Sassuntsi-Davit (119th Separate) Tank Regiment
The 119th Separate Tank Regiment, popularly known as the Sassuntsi-Davit Tank Regiment was a decorated Soviet separate tank regiment during the Second World War, consisting primarily of ethnic Armenians. The unit was named after David of Sasun, the hero of the medieval Armenian national epic Daredevils of Sasun.
A similar effort to fund another Armenian tank unit, to be named after General Bagramyan, was proposed by the Armenian community in Tehran, Iran, although the war ended before such plans materialised.
The regiment was formed in Echmiatsin, Armenian SSR in January 1943 and was funded entirely by diaspora Armenians living, among other countries, in Cuba, Cyprus, Egypt, Ethiopia, Iran, Iraq, Jordan, Lebanon, Syria, and the United States. The funds were distributed under the auspices of the Armenian Apostolic Church residing in Echmiatsin which raised enough money to outfit the regiment with 21 tanks by February 1944. The regiment was initially equipped with the newer generation T-34-85 tanks, armed with the new D-5T 85mm cannons. The 119th Tank Regiment's turrets were inscribed in Armenian letters "Sasuntsi Davit" (Սասունցի Դավիթ).
On March 20, 1944, the 119th was attached to the Second Ukrainian Front and sent to Dniester. In early 1944, now also equipped with KV tanks, the regiment was assigned to the 27th Soviet Army to take part in the Jassy–Kishinev Offensive and participated in the assaults to capture Pervomaysk and Iaşi (Romania).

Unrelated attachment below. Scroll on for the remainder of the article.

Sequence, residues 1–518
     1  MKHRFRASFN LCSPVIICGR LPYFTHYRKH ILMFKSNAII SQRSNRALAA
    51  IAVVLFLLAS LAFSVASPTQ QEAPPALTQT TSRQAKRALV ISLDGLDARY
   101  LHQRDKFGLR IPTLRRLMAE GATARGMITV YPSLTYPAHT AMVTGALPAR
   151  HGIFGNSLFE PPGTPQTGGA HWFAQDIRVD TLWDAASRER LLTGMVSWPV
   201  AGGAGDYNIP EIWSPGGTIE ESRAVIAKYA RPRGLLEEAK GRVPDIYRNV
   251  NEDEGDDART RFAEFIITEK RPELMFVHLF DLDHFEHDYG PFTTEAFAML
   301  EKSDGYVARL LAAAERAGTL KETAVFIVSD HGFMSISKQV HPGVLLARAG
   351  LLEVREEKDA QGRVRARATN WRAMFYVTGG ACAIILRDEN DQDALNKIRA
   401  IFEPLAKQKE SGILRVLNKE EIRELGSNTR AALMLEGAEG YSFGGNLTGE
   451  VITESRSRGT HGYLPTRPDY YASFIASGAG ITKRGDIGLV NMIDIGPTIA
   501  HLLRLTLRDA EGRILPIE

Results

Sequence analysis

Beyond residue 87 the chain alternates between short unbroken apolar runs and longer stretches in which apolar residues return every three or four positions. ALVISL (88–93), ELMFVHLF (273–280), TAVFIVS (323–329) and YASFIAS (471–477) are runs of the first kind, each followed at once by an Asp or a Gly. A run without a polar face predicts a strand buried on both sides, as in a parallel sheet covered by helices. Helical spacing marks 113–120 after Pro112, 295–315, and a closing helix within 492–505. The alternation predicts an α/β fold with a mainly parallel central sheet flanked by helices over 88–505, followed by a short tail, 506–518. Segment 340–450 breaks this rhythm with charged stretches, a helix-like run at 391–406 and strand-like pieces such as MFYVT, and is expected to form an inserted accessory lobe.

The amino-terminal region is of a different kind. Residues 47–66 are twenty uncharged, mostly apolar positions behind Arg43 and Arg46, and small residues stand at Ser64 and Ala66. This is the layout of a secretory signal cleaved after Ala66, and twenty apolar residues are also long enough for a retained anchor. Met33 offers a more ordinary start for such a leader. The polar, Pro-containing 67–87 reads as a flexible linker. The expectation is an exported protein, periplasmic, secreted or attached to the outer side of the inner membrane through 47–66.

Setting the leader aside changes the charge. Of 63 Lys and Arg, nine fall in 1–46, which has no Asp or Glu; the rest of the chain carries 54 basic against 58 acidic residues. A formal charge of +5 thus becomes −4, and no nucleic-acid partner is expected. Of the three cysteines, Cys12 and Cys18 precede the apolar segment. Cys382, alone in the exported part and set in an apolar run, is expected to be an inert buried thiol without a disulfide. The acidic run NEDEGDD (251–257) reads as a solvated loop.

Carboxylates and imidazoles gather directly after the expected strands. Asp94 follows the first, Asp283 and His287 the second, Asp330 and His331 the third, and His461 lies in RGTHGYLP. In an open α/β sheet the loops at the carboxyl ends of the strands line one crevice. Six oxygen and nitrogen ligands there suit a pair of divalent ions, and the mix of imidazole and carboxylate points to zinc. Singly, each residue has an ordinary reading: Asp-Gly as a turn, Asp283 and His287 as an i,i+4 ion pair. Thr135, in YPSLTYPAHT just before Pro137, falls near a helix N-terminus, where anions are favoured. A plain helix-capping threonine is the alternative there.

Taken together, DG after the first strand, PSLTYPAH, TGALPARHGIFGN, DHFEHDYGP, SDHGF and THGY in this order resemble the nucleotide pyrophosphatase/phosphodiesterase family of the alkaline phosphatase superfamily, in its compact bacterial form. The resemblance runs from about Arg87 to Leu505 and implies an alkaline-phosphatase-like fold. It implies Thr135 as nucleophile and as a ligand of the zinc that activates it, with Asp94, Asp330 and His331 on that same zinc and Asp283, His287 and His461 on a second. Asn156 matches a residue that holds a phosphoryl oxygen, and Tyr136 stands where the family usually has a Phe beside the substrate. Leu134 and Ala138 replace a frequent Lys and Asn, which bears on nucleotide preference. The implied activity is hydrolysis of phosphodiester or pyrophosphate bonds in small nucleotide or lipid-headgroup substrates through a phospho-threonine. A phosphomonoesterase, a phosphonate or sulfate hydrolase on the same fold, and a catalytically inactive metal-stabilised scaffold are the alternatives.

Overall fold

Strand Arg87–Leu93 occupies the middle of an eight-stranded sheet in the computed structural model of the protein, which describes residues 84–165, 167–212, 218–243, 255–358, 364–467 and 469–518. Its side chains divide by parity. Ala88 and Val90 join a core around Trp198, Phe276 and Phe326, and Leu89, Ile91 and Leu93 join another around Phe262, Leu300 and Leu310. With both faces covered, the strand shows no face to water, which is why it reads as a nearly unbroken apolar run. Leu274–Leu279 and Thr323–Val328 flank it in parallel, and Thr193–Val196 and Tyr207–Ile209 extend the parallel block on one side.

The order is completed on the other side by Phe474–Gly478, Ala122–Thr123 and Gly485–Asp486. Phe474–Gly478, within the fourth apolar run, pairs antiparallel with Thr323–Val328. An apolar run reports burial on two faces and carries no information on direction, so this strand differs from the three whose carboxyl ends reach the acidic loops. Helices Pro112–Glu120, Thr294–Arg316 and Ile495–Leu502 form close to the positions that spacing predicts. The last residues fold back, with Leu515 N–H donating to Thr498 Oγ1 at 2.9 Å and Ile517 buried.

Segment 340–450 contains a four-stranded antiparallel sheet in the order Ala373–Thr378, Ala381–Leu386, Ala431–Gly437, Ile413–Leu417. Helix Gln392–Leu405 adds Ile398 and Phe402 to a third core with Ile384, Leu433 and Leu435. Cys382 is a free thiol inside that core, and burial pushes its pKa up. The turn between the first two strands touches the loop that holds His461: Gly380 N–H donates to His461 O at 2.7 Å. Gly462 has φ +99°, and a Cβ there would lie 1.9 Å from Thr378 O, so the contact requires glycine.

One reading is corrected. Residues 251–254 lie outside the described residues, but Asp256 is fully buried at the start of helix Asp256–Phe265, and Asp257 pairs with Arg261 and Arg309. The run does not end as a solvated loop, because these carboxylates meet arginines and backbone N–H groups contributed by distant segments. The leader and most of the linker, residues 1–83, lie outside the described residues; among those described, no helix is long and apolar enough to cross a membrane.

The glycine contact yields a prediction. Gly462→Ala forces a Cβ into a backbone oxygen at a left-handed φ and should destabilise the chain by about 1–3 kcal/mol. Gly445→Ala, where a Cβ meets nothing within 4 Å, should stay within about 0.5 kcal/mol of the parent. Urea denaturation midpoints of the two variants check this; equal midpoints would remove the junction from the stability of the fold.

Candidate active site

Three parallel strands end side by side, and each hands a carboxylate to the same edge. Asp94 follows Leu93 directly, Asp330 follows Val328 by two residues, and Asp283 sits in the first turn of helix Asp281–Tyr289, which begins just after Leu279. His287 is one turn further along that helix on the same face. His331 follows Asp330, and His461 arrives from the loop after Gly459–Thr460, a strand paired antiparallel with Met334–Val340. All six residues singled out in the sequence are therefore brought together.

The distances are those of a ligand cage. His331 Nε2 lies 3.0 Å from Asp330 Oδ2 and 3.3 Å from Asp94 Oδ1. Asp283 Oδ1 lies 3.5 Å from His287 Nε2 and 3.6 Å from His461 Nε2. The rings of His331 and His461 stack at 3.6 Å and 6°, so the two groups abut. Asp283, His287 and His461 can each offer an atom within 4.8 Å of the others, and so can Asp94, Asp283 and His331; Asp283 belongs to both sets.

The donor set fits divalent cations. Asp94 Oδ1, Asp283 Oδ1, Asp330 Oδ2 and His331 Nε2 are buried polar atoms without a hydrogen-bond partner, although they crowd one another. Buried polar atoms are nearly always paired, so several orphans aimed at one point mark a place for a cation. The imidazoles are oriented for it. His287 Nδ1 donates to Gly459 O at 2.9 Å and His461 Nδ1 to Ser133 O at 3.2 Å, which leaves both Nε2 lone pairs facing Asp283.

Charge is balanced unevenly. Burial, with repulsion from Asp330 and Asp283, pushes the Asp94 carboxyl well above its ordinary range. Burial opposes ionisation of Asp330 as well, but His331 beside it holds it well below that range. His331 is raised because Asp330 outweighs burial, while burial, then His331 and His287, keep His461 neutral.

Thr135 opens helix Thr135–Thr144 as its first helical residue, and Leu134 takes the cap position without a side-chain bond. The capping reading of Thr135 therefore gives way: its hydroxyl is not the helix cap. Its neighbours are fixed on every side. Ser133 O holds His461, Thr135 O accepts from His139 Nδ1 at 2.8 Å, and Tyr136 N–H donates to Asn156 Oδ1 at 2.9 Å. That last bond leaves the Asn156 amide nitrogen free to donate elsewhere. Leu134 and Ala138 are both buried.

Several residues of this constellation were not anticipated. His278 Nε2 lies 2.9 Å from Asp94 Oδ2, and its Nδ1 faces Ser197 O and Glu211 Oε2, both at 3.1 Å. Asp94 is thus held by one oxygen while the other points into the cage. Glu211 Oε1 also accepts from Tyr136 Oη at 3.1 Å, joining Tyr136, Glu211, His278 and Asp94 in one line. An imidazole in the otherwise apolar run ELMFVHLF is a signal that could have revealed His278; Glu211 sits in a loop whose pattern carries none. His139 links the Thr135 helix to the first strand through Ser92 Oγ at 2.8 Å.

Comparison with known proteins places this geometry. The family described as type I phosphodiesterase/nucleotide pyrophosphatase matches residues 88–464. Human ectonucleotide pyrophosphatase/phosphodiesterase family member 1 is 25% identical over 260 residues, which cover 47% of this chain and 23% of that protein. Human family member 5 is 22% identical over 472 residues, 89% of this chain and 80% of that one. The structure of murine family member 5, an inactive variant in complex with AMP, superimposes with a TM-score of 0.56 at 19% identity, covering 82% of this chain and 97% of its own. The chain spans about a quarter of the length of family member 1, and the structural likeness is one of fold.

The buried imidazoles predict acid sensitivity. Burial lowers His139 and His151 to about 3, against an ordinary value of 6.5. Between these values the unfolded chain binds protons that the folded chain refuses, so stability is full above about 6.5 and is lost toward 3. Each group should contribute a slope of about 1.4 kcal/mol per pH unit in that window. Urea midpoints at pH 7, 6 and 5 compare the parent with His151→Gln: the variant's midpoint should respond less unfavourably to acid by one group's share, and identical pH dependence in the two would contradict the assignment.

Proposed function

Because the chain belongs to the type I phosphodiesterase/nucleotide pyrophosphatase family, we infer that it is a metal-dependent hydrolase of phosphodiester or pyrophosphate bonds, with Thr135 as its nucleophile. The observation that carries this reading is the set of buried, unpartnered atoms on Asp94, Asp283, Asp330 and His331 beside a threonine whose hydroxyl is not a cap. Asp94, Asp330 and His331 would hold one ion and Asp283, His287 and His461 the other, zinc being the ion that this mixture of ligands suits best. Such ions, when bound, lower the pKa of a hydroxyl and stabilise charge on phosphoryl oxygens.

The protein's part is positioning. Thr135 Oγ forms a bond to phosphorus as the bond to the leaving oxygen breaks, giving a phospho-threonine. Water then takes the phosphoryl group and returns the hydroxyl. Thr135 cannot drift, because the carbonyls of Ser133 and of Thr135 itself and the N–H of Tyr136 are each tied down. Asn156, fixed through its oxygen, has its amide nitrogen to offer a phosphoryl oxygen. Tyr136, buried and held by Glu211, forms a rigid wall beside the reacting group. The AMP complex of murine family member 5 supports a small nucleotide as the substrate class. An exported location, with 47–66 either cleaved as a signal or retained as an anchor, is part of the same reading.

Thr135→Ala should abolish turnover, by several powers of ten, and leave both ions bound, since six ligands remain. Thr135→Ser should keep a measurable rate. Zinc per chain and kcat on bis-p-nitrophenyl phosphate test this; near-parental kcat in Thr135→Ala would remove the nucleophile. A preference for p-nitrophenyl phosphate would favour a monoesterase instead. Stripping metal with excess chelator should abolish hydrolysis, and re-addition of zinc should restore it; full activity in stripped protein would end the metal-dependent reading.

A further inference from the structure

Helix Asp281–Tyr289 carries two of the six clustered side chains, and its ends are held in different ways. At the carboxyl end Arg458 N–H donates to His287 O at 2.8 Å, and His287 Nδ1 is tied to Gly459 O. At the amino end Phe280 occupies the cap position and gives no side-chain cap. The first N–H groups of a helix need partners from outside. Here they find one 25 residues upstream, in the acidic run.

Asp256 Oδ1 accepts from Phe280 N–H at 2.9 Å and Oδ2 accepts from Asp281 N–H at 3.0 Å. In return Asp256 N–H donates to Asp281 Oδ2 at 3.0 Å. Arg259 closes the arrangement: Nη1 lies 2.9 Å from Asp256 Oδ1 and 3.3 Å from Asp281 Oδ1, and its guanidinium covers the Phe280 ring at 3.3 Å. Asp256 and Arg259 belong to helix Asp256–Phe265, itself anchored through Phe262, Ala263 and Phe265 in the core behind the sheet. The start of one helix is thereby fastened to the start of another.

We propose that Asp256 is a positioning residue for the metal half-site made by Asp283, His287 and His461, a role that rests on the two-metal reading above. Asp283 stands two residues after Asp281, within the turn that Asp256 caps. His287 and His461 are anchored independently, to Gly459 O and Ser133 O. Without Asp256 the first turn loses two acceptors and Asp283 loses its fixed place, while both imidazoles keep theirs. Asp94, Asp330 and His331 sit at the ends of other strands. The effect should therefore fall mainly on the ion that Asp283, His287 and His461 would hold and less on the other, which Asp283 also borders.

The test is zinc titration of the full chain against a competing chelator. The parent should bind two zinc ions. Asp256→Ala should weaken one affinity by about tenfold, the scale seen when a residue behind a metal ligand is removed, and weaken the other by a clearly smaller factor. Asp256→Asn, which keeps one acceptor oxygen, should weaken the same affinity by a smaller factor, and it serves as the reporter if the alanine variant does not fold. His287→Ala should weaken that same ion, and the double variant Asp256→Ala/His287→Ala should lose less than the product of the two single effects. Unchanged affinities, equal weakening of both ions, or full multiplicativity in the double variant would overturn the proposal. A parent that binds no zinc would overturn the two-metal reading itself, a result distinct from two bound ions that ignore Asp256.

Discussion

The regiment was then sent north and incorporated into the First Baltic Front under the command of General Ivan Bagramyan. It was reinforced with an additional 22 T-34/85s and attached to the Soviet 6th Guards Tank Army. From July to August the unit fought against German forces in Operation Bagration, participating in the liberation of Vitebsk and Polatsk. Along with the Soviet 5th Guards Tank Army, the regiment broke through and overran fortified German positions.
On July 23, 1944, the unit was decorated with the Order of the Red Banner. Thereafter, it was sent to Panevėžys where it remained until the latter half of August. In 1945, the unit was bestowed the honor of becoming a Guards regiment and was rechristened the 135th Guards Tank Regiment.
Many of the Armenians were also decorated for their efforts during the war, including Sarkis Nahapetyan and Mikhail Stepanyan, who both received the Order of the Red Star for their heroism in the battles.